Posted on March 30, 2015 by iMFdirect
By Era Dabla-Norris, Vikram Haksar, and Kalpana Kochhar
Global growth remains anemic more than five years after the global financial crisis. If nothing is done, the prospect of settling into a “new mediocre” will become reality, especially in advanced economies.
In many advanced economies, accommodative monetary policies, growth-friendly fiscal frameworks, and efforts to tackle private debt overhang and improve tax revenues and compliance are essential to lift economic growth in the short term.
Filed under: Advanced Economies, Employment, Europe, Financial Crisis, growth, IMF, International Monetary Fund, Investment, Reform | Tagged: advanced economies, balance sheets, France, infrastructure, Italy, Japan, jobs, labor force, monetary policy, Portugal, reforms, women | Leave a comment »
Posted on February 19, 2015 by iMFdirect
By Bergljot Bjørnson Barkbu, S. Pelin Berkmen, and Hanni Schölermann
Investment in the euro area, and particularly private investment, has not recovered since the onset of the global financial crisis.
In fact, the decline in investment has been much more drastic than in other financial crises; and is more in line with the most severe of these crises (see Chart 1). The October 2014 World Economic Outlook showed that many governments cut investment because their finances became strained during the crisis. In addition, housing investment collapsed in some countries, reflecting a natural scaling back after an unsustainable boom. But what is holding back private non-residential investment?
Filed under: Advanced Economies, Economic Crisis, Economic research, Europe, Financial Crisis, growth, IMF, International Monetary Fund, Investment, Reform | Tagged: banking union, euro area, France, Germany, Greece, investment, Ireland, Italy, monetary policy, Portugal, Spain, structural reform | Leave a comment »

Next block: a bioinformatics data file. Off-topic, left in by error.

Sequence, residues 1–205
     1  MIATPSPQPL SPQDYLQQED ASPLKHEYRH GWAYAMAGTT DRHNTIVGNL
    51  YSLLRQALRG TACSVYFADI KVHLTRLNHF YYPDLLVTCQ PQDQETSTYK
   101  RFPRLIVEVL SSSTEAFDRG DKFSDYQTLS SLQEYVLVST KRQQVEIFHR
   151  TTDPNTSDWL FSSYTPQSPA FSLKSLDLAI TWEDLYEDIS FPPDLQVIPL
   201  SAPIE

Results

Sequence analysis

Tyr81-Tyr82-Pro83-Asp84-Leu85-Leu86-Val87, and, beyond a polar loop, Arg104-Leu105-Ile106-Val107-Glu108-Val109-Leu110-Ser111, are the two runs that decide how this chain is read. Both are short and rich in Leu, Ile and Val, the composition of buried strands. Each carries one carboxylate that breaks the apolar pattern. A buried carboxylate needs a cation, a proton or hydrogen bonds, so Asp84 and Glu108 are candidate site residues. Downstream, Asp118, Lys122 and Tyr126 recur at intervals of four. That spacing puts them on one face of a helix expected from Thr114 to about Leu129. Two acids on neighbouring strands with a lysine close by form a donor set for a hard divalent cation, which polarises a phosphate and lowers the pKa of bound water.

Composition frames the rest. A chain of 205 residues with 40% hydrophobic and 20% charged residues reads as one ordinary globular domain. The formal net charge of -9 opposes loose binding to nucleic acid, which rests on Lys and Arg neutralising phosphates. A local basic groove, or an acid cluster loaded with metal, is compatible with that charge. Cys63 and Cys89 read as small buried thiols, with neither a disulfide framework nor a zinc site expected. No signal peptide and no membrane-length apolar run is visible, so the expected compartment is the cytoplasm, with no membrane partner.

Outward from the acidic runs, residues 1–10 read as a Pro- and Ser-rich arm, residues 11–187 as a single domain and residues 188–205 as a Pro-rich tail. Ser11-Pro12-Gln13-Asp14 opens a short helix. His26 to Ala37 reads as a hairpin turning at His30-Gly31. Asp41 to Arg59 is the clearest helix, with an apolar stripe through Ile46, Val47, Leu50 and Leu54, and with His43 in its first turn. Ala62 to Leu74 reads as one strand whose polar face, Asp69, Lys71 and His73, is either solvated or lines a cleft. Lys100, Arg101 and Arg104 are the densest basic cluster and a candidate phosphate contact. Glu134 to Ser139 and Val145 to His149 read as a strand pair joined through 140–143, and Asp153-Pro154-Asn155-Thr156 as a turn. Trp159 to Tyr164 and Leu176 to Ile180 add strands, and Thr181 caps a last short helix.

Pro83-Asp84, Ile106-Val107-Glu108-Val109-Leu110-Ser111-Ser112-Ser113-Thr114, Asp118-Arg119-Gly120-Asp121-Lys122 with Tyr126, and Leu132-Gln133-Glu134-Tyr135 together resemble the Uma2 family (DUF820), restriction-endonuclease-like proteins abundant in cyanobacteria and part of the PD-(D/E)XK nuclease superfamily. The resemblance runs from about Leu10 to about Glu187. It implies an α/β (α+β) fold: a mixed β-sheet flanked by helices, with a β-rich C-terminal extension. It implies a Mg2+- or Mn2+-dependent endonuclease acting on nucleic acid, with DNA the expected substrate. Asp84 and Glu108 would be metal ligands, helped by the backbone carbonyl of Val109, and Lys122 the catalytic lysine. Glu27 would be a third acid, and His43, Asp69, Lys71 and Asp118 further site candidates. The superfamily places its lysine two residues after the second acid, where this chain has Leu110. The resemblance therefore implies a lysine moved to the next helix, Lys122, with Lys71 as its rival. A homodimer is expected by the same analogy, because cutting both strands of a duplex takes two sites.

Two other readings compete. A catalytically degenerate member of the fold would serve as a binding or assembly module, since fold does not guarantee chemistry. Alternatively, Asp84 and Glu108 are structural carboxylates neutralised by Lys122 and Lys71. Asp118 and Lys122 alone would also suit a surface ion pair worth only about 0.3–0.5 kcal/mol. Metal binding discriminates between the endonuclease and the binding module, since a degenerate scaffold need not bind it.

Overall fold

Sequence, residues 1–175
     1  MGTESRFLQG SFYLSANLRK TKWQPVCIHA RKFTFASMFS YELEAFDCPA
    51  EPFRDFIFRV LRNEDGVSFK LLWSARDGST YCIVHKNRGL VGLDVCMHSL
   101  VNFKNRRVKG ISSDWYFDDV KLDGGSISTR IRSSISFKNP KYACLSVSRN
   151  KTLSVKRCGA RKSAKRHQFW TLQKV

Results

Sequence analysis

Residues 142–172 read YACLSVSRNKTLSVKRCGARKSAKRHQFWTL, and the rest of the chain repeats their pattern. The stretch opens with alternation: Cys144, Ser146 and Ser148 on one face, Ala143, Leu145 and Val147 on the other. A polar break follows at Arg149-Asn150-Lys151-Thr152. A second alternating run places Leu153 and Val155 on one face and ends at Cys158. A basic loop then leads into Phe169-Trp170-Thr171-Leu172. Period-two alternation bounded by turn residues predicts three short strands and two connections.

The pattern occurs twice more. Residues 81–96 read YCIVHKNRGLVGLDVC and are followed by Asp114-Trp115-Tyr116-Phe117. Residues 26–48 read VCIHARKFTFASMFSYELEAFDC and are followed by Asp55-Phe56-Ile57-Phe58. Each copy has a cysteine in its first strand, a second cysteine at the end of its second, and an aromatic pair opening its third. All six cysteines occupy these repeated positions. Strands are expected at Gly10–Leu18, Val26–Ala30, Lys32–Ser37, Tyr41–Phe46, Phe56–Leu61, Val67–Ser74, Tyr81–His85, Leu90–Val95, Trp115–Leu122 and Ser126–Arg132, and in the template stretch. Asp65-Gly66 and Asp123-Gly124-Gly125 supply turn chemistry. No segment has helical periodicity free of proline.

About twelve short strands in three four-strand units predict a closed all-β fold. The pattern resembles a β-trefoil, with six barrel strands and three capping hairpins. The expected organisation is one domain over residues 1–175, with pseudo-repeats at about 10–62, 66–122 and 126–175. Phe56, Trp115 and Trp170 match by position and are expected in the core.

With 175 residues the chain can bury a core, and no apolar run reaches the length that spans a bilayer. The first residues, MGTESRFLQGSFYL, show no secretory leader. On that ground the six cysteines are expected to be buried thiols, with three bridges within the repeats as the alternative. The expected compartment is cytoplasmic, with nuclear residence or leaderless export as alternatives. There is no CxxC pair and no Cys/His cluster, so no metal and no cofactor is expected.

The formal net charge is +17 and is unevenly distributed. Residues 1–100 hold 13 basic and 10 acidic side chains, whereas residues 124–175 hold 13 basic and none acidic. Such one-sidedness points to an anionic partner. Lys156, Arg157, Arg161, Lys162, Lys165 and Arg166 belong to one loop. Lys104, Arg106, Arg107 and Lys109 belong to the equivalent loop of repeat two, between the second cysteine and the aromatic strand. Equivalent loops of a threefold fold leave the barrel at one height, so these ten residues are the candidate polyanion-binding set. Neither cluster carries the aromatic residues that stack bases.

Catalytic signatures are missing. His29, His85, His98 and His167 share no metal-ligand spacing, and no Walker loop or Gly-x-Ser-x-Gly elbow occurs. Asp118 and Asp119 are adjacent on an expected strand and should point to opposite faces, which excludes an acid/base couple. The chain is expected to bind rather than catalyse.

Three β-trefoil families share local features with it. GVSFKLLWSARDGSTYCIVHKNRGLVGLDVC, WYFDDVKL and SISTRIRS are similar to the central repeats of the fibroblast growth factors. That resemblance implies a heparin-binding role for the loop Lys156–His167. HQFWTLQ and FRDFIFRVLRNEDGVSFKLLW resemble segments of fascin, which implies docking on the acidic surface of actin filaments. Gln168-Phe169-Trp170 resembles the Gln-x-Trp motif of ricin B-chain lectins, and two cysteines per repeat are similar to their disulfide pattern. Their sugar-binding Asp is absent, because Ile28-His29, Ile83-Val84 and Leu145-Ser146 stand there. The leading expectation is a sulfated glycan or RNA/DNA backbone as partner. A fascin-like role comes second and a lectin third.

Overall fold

Posted on February 6, 2015 by iMFdirect
By Christine Lagarde
(Versions in 中文, Français, 日本語, Русский, Türk, and Español)
Implementation, investment, and inclusiveness: these three policy goals will dominate the G-20 agenda this year, including the first meeting of finance ministers and central bank governors in Istanbul next week. As Turkish Prime Minister Ahmet Davutoğlu recently put it: “Now is the time to act” – şimdi uygulama zamanı.
There is a lot at stake. Without action, we could see the global economic supertanker continuing to be stuck in the shallow waters of sub-par growth and meager job creation. This is why we need to focus on these three “I’s”:
Filed under: Advanced Economies, Economic Crisis, Emerging Markets, Employment, Europe, G-20, Globalization, Government, growth, IMF, International Monetary Fund, Investment, Politics, Reform | Tagged: Cameroon, Chile, Christine Lagarde, Cote d’Ivoire, ebola, Egypt, emerging market, euro area, G-20, Haiti, India, Indonesia, inflation, infrastructure, infrastructure investment, investment, Japan, jobs, Malaysia, monetary policy, Netherlands, oil prices, Turkey, U.S. | Leave a comment »
Posted on January 14, 2015 by iMFdirect
By Prakash Loungani
(Version in Français and Español)
Seven years after the onset of the Great Recession, the global unemployment rate has returned to its pre-crisis level: the jobless rate fell to 5.6% in 2014; essentially the same as in 2007, the year before the recession (chart 1, left panel).
Filed under: Advanced Economies, Asia, Economic outlook, Economic research, Emerging Markets, Employment, Europe, growth, IMF, International Monetary Fund, Reform, unemployment | Tagged: Australia, China, emerging market, European Union, Great Recession, Greece, infrastructure, investment, Ireland, Israel, jobs, labor market, monetary policy, Singapore, Spain, U.S., unemployment, unemployment rate | Leave a comment »